The tour culminated in a lunch-hour meeting of all of the workers at INAF, as well as a couple of workers from the nearby Gotcha factory. Lal Khan, the prominent Pakistani Marxist, addressed the gathered workers and emphasized how proud he felt to have been invited to address the workers at INAF. The workers at INAF were at the forefront of the Venezuelan Revolution and at the forefront of the global struggle against capitalism. Lal also spoke about the revolutionary history of Pakistan and the struggles that Pakistani workers were facing in confronting their own bosses. The rotting capitalist system provides nothing but worsening conditions for workers as bosses try to extract more and more profit out of the labour of workers. The example of INAF truly shows that workers are perfectly capable of running their own workplaces. What was needed now was to deepen the Venezuelan revolution and to transform the entire Venezuelan economy towards socialist production, production geared around the needs of the people rather than production geared around making profit. In this, the Venezuelan workers can serve as a beacon to other exploited workers from around the world in their own struggles to free themselves from the tyranny of capitalism.
The meeting also had greetings from Caio Dezorzi of Brazil. Caio brought updates from the occupied factories movement in Brazil and highlighted the struggles of the Flasko workers; Flasko is the last remaining worker-occupied factory in Brazil. Unlike Chávez, Lula talks about upholding the capitalist system and makes deals with the imperialist countries like the USA. Although the mobilization of workers in Brazil had not yet reached the qualitative stage that the struggle had in Venezuela, Caio said it was only a matter of time. The success of the struggle at factories like INAF could have a decisive impact on future battles elsewhere.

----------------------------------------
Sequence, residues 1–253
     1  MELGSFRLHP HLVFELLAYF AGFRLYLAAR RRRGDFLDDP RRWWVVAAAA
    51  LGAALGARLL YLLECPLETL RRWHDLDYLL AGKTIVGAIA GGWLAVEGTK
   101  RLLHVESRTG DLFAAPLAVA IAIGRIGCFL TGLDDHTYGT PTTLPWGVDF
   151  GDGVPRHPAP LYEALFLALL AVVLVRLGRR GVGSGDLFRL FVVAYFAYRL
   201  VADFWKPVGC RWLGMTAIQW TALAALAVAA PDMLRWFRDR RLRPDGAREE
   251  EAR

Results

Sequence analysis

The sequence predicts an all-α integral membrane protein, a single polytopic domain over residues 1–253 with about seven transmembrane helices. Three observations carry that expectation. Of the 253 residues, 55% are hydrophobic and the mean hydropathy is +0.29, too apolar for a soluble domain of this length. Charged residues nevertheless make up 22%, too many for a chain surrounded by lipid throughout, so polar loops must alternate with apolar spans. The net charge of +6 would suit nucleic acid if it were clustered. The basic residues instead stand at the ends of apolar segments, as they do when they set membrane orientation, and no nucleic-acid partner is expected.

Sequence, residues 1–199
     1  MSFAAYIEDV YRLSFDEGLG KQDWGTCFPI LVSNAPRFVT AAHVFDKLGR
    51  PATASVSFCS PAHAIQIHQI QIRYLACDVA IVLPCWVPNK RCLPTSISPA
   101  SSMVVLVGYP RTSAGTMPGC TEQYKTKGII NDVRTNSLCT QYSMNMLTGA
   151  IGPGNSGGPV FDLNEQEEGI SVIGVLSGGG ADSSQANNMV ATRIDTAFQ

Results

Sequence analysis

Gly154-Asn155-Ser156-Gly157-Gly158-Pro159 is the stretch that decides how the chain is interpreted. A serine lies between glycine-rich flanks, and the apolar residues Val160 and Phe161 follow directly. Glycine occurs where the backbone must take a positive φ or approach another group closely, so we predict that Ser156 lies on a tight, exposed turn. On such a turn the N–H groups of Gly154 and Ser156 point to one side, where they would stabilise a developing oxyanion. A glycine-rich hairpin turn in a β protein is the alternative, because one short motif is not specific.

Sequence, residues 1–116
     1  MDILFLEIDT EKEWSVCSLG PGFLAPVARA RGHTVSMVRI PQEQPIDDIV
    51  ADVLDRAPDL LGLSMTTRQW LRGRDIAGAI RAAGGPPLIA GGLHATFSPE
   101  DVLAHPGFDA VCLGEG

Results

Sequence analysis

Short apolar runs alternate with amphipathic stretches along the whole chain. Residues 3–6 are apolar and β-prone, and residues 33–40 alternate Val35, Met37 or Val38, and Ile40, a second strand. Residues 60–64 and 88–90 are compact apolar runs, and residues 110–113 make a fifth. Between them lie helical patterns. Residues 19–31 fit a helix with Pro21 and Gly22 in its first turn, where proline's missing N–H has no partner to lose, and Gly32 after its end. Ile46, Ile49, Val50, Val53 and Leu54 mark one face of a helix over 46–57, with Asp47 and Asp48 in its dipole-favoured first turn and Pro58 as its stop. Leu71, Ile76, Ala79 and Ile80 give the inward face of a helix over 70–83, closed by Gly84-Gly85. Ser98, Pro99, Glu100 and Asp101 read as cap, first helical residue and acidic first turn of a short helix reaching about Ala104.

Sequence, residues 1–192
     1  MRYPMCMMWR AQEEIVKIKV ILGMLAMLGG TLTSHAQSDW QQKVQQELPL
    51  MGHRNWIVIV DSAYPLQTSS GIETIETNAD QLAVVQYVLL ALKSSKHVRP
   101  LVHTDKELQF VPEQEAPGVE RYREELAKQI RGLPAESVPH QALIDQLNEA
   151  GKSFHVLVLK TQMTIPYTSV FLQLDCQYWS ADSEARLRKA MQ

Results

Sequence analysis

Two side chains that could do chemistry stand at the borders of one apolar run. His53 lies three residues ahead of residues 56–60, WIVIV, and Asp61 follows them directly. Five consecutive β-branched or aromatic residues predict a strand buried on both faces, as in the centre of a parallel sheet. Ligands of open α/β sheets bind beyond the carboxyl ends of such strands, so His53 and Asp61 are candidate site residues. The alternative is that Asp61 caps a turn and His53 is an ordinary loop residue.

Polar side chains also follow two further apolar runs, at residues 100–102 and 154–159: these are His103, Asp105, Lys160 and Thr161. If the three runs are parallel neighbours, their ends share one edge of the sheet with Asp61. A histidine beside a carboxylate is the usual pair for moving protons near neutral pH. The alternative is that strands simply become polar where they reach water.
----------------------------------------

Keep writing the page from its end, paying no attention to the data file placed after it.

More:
Finally, Camilo Cahis from Canada gave greetings. Camilo told the INAF workers that although most workers in North America have a higher standard of living than workers in Venezuela, they too were under attack from the bosses. Manufacturing in Ontario and Quebec has been devastated and in 2008 and early 2009, workers reacted by occupying a number of factories in both provinces. Camilo hoped that this trip would help bring the experiences of the INAF workers north and serve as an inspiration for Canadian workers, too.
INAF is just a microcosm of the wider revolution going on in Venezuela. The struggles of INAF (and Venezuela as a whole) are a fantastic source of inspiration for the global working class, in its fight to remove the capitalist system.
Other Articles on Worker Control from the CCS Online Library
Ejido, Óscar (2007) A Report from the worker occupied factories in Brazil. : -.
Goulart, Serge (2007) Letter to the international labour movement . In Defence of Marxism : -.
Janicke, Kiraz (2007) Venezuela’s Co-Managed Inveval: Surviving in a Sea of Capitalism. Venezuela Analysis : -.
Janicke, Kiraz (2007) Without Workers Management There Can Be No Socialism. www.venezuelanalysis.com : -.
Klein, Naomi & Lewis, Avi (2007) Occupy, Resist, Produce’. Znet : -.
Lidén, Lisbeth Larsson (2008) Poor rural women as co-managers of protected areas – a viable option?
The case of iSimangaliso Wetland Park, KwaZulu-Natal, South Africa
. CCS Seminar Series : 1-21.
Sizwe Phakathi, Timothy (2006) Self -Directed work teams in a post-Apartheid gold mine. Centre for Civil Society Seminar Series : 1-25.
Trigona, Marie (2006) Recuperated Enterprises in Argentina. Zmag : -.
Trigona, Marie (2006) Workers without bosses at a turning point . Zmag : -.
Woods, Alan () The Editor of Maxist.com speaks on the world situation in Joinville, Brazil . In Defence of Marxism : -.